Plenty of prominent scientists have Wikipedia pages. But while checking to see if someone specific has a Wikipedia page is a quick Google search away, figuring out who should be on Wikipedia but isn’t—and then writing an entry for him or her—is much trickier.
For example, you may or may not have heard of Christina Economos. She doesn’t have a Wikipedia page about her, although she’s a professor at Tufts University and the New Balance Chair in childhood nutrition. But while she lacks a Wikipedia page, she does have a very short stub describing who she is professionally on a website made by a company called Primer. That little blurb, which could one day grow into a full-blown Wiki entry, was created by an AI system dubbed Quicksilver.
The idea behind the project is to use AI as a jumping off point. Humans can use it to help them write Wikipedia pages for scientists who don’t have them, but deserve to. For example, on Economos’ Primer page, there’s a link to an article from CBS Boston that mentions her—a good potential source for a human Wikipedia editor who may want to write an entry for her.
Primer launched officially last year and uses AI to read information and generate reports; part of its focus is doing the kind of work an intelligence analyst might do. Their customers include Walmart and the U.S. government, by way of an organization called In-Q-Tel. Artificial intelligence generally needs data to learn from, and so for this project, Primer used around 30,000 existing scientist Wikipedia pages to train their machine learning systems.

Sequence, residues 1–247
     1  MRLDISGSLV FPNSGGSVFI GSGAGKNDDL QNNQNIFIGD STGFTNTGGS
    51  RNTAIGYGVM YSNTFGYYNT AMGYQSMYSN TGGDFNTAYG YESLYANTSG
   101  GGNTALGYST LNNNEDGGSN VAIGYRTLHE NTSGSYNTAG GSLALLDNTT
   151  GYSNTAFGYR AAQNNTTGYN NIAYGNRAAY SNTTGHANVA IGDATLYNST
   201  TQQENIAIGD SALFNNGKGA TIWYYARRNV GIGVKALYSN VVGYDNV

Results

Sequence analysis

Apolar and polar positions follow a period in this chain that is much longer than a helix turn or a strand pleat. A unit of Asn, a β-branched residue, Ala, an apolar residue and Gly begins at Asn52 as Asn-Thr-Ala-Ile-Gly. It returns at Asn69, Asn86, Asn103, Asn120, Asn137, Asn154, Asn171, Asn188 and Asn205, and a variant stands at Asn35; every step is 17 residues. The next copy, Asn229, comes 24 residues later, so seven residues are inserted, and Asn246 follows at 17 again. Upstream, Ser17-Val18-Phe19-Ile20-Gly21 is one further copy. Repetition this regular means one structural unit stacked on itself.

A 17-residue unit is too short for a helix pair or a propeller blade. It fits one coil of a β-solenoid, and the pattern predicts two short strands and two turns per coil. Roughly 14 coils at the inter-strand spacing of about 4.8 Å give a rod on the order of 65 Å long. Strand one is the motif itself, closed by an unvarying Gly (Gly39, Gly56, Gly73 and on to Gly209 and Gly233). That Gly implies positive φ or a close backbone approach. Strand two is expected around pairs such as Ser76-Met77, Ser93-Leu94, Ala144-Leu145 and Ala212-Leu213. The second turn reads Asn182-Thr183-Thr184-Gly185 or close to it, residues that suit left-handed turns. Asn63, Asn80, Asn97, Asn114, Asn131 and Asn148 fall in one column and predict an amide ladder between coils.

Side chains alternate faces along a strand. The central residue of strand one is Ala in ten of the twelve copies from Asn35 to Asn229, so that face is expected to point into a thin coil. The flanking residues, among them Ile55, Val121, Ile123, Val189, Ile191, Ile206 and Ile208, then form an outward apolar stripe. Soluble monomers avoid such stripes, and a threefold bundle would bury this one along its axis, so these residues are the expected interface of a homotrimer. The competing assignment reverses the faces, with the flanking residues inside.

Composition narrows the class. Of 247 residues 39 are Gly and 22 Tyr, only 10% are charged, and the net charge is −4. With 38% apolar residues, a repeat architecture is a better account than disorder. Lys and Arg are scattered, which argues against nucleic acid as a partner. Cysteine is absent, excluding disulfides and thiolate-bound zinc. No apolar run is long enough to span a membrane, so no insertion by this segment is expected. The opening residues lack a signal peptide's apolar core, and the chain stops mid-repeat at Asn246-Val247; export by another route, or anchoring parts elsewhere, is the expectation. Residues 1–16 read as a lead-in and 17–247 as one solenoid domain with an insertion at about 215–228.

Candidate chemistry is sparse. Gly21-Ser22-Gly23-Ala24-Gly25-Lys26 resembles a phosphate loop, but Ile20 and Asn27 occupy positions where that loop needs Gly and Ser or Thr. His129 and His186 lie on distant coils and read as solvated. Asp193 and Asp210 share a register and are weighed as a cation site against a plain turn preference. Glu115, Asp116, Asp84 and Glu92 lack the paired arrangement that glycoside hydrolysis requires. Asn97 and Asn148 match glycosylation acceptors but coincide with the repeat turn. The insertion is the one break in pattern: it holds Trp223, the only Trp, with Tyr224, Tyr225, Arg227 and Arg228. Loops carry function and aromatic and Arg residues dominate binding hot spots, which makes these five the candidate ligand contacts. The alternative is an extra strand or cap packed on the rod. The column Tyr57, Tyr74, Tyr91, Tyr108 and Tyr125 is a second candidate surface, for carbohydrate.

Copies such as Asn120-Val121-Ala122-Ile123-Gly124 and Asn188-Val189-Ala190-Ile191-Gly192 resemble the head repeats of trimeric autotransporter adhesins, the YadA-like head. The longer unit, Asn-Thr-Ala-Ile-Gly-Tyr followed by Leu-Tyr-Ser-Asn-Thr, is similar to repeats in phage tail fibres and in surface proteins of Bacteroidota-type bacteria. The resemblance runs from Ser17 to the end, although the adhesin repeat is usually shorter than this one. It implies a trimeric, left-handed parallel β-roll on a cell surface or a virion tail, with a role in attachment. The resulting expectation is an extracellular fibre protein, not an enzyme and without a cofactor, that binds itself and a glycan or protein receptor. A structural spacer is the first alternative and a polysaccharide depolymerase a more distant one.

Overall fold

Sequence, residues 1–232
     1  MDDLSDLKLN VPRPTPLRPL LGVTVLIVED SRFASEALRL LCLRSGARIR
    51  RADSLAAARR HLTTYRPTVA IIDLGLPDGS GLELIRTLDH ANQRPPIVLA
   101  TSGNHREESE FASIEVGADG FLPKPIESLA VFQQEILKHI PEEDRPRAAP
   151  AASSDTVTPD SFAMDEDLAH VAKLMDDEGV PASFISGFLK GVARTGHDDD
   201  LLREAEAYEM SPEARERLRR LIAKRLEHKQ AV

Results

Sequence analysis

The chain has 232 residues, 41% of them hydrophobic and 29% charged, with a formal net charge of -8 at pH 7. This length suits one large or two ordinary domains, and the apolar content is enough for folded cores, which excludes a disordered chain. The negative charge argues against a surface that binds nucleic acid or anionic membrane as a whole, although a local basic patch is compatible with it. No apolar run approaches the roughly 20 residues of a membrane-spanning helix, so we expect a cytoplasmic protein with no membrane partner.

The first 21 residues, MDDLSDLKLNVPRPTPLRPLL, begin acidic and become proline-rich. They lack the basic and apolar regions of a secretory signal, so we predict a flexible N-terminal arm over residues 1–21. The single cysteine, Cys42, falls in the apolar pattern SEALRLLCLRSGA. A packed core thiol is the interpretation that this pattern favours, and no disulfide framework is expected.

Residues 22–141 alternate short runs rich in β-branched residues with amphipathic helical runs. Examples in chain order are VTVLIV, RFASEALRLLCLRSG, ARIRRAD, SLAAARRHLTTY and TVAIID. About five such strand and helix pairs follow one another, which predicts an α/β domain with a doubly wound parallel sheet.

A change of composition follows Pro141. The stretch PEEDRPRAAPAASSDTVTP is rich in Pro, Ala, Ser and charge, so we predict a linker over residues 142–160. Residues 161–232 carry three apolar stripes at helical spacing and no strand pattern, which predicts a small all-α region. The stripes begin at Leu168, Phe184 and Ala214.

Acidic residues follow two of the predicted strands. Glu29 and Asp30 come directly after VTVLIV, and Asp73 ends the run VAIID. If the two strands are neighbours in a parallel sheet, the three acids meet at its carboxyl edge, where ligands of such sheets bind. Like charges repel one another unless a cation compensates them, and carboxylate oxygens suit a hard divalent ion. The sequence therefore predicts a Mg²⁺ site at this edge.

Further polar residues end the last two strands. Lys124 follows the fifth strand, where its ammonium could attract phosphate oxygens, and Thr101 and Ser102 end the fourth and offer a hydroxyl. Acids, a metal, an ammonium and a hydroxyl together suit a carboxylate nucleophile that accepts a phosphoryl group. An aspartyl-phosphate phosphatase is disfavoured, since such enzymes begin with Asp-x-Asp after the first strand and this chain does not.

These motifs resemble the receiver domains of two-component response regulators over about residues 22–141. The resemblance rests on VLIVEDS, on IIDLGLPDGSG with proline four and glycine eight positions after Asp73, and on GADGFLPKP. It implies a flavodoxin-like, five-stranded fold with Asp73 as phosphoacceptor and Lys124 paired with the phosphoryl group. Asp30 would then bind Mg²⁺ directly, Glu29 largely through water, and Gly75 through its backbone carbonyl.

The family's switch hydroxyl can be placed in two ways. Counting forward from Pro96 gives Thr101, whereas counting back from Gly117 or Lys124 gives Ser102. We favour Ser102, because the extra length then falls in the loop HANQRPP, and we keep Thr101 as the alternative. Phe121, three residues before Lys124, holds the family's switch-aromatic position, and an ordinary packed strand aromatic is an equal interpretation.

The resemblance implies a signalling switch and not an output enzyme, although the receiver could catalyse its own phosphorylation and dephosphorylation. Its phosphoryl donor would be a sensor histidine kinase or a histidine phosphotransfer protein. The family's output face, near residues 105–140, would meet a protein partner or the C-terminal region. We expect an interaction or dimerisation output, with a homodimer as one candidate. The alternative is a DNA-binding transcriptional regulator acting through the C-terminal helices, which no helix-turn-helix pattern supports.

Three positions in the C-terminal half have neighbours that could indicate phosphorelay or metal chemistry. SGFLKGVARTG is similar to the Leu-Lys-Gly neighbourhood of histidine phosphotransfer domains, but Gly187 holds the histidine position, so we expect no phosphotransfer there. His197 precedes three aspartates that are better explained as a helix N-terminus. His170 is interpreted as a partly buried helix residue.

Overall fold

Then they fed 200,000 names and related employment information into their AI system. Those names came from the listed authors of scientific papers focused on computer science and biomedical research provided to Primer from the Allen Institute for Artificial Intelligence.
“That was the input to Quicksilver—we just fed it in, and we went home, and it ran,” says John Bohannon, the director of science at Primer. “We generated 40,000 new people overnight.”
The system as a whole is more complicated than that, of course: one step is that the AI system needs to do disambiguation (a weird term you’ve probably seen on Wikipedia) that in this case mean making sure that the system isn’t mixing up two people who have the same name. It also reads a slew of news sources to learn more about each scientist: “It builds a model of the person,” he says.
It also does “event detection” when scanning the news for each name, which entails organizing news documents into clumps in which “each clump seems to be describing a real world event.” That “news event” could be when a scientist publishes a study that garners media attention and is thus something possibly worth including in a Wikipedia article.
Another aspect of the project is to make it easier for scientists who are women to get the representation they deserve on Wikipedia—to empower human editors “to close the gender gap in representation of women in science,” Bohannon says. One of the ways that can happen is if a group wants to create more Wikipedia pages with a focus on women scientists, they could use data from Quicksilver, which Bohannon points out is filternable by gender.
“Our goal is definitely not to have a ‘bot write Wikipedia,” Bohannon says. Instead, it’s a launchpad for people who do want to write new pages or update old ones. If you’re curious to see a sample of what Quicksilver’s output looks like, head on over to this page—it has 100 examples of AI-generated Wikipedia-style blurbs.